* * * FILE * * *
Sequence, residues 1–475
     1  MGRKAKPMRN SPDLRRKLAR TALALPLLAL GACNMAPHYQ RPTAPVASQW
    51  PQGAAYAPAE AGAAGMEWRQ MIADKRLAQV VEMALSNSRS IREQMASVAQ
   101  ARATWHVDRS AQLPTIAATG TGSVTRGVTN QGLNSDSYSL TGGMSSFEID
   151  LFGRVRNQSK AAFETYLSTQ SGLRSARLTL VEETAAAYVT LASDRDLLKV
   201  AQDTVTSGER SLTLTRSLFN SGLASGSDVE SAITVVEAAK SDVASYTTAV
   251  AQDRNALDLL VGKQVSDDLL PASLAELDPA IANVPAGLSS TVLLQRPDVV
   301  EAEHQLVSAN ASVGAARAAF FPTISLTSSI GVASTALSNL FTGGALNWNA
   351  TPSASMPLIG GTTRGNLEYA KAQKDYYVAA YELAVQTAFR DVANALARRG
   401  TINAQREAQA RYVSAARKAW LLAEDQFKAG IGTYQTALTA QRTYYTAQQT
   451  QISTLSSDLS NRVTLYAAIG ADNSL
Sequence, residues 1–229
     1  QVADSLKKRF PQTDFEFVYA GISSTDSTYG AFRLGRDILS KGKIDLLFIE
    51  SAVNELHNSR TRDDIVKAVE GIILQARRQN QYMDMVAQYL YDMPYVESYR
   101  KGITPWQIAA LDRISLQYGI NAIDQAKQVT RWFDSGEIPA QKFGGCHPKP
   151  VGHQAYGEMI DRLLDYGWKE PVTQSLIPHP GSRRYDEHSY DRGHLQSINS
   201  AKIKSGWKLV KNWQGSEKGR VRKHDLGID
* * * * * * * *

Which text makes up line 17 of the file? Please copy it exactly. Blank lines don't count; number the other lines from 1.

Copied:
   201  AKIKSGWKLV KNWQGSEKGR VRKHDLGID